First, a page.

Other Treatment for ADHD:

This is where additional intervention approaches are vital to supporting children with ADHD and thus far the consensus is a prolonged multi-modal treatment approach that adapts as the child progresses through differing developmental stages.  Such approaches include behavior therapy with the child that focuses on specific skill building and self-awareness, parent training and psycho-education, teacher consultation, and classroom accommodations.  As children enter middle school, it can also be beneficial to spend time with an executive function tutor to begin to lay the foundation for keeping oneself organized, compensate for weaknesses, and feel a sense of control in their lives.

Medication is often an essential part of the treatment plan but to just treat the core symptoms of ADHD, without attention to the functional impairments it creates or the additional psychiatric conditions that often accompany it (learning disabilities, anxiety, depression, and conduct problem), would be remiss.

Click here to listen to Dr. Amy Wolok discuss ADHD and medication in an interview on Bloomberg radio.


ADHD

NSPT offers services in BucktownEvanstonHighland ParkLincolnwoodGlenview and Des Plaines. If you have questions or concerns about your child, we would love to help! Give us a call at (877) 486-4140 and speak to one of our Family Child Advocates today!

ADHD and Social Skills

Social Skills And ADHD

Many children with Attention Deficit Hyperactivity Disorder (ADHD) exhibit significant concerns with regard to their social and emotional functioning.  Research has indicated that there is a high correlation between children who have ADHD and their social skills.  What is important to understand is that many of these children do not have specific social deficits (such as those often associated with Autism Spectrum Disorder); however, the issues with impulsivity and attention to detail impact the social success of the child.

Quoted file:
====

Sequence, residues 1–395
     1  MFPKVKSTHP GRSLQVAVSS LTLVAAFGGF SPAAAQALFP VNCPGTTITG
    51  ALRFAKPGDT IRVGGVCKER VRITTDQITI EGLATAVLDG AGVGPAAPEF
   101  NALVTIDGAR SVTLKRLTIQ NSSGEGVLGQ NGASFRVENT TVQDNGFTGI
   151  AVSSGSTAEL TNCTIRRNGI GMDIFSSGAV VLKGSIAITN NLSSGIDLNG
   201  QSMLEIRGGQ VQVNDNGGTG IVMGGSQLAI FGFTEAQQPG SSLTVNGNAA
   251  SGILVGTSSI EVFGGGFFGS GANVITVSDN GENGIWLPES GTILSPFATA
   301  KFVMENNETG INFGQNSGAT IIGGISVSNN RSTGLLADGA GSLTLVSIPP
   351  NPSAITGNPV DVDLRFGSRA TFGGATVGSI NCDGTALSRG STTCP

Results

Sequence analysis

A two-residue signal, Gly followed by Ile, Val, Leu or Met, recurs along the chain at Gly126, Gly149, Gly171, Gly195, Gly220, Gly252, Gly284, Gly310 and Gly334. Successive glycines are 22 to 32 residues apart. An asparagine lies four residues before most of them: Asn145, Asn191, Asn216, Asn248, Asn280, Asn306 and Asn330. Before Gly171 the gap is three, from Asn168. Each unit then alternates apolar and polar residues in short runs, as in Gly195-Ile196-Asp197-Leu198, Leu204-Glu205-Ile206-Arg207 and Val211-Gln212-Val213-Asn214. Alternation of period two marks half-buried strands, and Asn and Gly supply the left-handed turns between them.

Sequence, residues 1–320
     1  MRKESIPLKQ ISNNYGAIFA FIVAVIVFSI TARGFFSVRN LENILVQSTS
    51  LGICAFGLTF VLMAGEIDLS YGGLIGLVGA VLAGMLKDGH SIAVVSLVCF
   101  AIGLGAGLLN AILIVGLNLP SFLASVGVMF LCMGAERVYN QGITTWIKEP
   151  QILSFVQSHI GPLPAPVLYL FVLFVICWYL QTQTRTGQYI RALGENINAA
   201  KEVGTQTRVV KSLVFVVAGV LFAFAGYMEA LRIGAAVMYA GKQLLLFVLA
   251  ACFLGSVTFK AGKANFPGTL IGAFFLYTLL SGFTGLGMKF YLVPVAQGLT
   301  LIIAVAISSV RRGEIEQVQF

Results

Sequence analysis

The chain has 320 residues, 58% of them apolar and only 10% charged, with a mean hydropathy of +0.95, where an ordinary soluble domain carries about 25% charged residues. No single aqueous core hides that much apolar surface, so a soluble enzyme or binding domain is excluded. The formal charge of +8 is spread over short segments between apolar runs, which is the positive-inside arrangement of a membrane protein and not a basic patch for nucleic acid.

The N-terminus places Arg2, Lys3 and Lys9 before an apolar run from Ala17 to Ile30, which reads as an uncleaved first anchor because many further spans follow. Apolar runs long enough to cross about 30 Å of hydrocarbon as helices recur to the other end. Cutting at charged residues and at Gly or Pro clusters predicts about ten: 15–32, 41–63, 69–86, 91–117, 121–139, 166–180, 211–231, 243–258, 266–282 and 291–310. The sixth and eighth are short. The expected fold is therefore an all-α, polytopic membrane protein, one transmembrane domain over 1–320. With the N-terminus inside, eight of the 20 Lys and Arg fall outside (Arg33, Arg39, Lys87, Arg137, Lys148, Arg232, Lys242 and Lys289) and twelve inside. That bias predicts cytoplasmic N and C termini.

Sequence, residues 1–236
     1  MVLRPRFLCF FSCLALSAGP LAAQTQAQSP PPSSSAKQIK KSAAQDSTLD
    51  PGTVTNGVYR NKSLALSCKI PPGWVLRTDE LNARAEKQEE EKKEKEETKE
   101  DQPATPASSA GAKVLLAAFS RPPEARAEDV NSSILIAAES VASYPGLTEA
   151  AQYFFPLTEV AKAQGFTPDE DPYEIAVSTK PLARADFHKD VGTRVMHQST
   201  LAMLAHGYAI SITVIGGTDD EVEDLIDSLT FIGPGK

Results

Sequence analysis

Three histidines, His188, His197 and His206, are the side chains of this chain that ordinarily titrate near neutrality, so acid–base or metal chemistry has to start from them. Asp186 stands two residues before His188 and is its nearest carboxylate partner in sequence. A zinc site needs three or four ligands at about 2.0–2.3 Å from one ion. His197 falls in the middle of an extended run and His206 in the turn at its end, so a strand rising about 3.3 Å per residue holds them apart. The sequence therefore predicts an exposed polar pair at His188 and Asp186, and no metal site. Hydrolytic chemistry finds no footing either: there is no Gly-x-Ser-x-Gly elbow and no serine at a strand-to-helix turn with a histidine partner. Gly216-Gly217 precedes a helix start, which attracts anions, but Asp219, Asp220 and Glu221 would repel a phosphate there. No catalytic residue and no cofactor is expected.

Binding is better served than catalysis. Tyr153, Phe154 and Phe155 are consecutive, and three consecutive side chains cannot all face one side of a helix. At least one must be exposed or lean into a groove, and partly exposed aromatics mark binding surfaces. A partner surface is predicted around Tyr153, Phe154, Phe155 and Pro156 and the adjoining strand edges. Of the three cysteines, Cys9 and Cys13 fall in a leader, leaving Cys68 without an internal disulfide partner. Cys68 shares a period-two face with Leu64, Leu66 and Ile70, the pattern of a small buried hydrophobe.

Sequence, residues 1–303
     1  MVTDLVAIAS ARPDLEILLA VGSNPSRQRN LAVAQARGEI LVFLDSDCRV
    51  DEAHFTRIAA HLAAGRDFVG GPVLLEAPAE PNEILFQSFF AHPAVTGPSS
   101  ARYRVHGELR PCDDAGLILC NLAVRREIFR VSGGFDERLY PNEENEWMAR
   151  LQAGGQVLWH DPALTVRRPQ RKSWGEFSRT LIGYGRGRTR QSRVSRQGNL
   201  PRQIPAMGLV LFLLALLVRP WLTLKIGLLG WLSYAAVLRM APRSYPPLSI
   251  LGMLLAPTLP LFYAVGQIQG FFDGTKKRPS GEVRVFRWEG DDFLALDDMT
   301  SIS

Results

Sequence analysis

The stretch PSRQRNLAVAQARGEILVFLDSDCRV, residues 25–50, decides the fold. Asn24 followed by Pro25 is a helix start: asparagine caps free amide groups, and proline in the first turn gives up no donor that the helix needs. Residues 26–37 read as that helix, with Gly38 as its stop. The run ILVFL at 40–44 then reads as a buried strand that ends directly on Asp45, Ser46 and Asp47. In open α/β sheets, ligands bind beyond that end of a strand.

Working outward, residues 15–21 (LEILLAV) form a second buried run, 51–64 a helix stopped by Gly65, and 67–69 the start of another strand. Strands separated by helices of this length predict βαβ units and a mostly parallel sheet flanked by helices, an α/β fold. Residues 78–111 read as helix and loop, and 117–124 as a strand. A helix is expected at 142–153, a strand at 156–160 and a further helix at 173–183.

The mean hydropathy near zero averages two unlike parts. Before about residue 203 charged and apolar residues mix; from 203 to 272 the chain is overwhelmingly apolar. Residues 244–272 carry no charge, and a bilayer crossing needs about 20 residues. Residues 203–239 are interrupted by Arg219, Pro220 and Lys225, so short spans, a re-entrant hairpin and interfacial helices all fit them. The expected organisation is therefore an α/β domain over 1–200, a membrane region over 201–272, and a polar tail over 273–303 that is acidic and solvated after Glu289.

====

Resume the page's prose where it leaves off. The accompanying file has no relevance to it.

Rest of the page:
Social Concerns for Kids with ADHDADHD and social skills

Children with impulse control issues and inattention are often at risk for social concerns because of the impact that these issues have on the child’s socialization.  Oftentimes the children have difficulty ‘putting the brakes on’ when playing with peers and struggle with regulating behavior.  The other children might become upset and shy away in future social events.  These children are also at risk for missing social cues when engaging peers which might lead to rejection or neglect in future interactions.

Strategies to Build Social Skills in Kids with ADHD

It is important to provide strategies and support to improve the socialization of children who have ADHD.  These children often need extra support in non-structured situations such as the playground, recess, gym time.  Parents and teachers should work closely with the children to ensure that they are able to provide extra guidance during these activities.  Provide the child with immediate feedback about how his or her behavior is impacting the social environment as well as how to better handle the situation in the future.

Oftentimes with ADHD we are worried about a child’s academic performance; however, we must also be concerned and intervene for his or her socialization and emotional functioning.

Click here to read more about how ADHD affects your child’s social skills and friendships.


ADHD Resource Center
NSPT offers Behavior Therapy in Bucktown, Evanston, Highland Park, Lincolnwood (coming soon), Glenview and the Neuropsychology Diagnostic and Testing Center in Des Plaines. If you have questions, or concerns, about your child, we would love to help! Give us a call at (877) 486-4140 and speak to one of our Family Child Advocates today!

sensory strategies for a happy holiday season

Sensory Strategies for a Happy Holiday Season